Last Updated on 10 September 2023
Push production is a production strategy that is considered to be the traditional method of manufacturing. It involves each process starts work when it receives product to work on, i.e. when work is ‘pushed’ towards it. It then passes this product onto the next process, starting their production.
Push vs pull production
The main competitor to push production is called pull production. Instead of each process having its operations being dictated by what product is ‘pushed’ towards it, it produces what the next process requires, or ‘pulls in’.
The end process (shipping) demands what the customer wants, and this demand flows through to the start of the operations.
The main difference is therefore:
- Push production: product is pushed on to the start of the operation which then works through the processes
- Pull production: product is worked on when the next process needs it to fulfil customer demand
Push production is generally associated with traditional operations, whereas pull production is associated with lean.
Advantages of push production
There are advantages of push production, although these are usually less than the advantages of pull, which is why lean generally advocates changing away to pull production.
The main advantage is simplicity. You can create product without needing to plan customer demand or look to closely at orders. You build to sell. This can end up with more finished goods being produced than with other methods, potentially increasing revenue.
Your setup times are reduced, as you can set up a machine for a long production run rather having to keep changing your setup. As setup time can sometimes be a large proportion of your production time, converting to long production runs can greatly increase your efficiency.
Disadvantages of push production
The main disadvantage is that you don’t know when you’re building your product that you will be able to sell it in a timely manner. There is a huge cost to this, both in terms of tying up working capital and potentially having to write off stock that is aged or where the design has changed.
With push production, you may be prioritizing the wrong product. If you are creating product A but your customer is requiring more of product C, you will end up with product A building up in your organization (leading to inventory waste), and still potentially not having enough finished goods to meet your customer demand. This will harm sales, both through not having the right inventory in stock but equally not meeting customer deadlines.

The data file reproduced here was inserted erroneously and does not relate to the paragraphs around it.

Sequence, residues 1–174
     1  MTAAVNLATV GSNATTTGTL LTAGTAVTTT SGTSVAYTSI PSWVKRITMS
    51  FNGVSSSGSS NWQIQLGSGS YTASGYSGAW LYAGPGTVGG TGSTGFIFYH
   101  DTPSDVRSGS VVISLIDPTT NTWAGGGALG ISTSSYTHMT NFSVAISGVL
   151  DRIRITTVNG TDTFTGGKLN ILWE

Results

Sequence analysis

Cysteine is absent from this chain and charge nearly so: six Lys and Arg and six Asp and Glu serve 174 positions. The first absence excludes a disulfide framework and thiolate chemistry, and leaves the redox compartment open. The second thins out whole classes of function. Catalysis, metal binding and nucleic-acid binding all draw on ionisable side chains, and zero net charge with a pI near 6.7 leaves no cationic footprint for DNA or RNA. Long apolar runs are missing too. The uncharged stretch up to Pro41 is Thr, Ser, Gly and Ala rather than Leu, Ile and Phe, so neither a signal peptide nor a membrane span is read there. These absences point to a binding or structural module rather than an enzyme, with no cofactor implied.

When do you use push production?
It’s easy to get the impression from lean that you should never use push production, but it does sometimes have its uses. It is a very simple method of production and so uses very little resources to plan.
The main advatage therefore is where production is very simple. If you only make one product which lasts forever and demand is high, you are likely to be able to make the most product without worrying about ‘just in time’ or ‘pull production’. In these cases, you just want to focus on making as much output as is possible, and so you can use push production.
As production gets more complicated, such as demand fluctuates, you have multiple product lines or your product has a set shelf life, pull production becomes more favorable.
How do you perform push production?
- Decide production levels: for effective push production, you should know approximately what you intend to sell.
- Production schedule: you then create a production schedule that will produce enough of each type of product.
- Begin manufacturing: you then start your production line and start ‘pushing’ the raw material on at the start
- Sell your product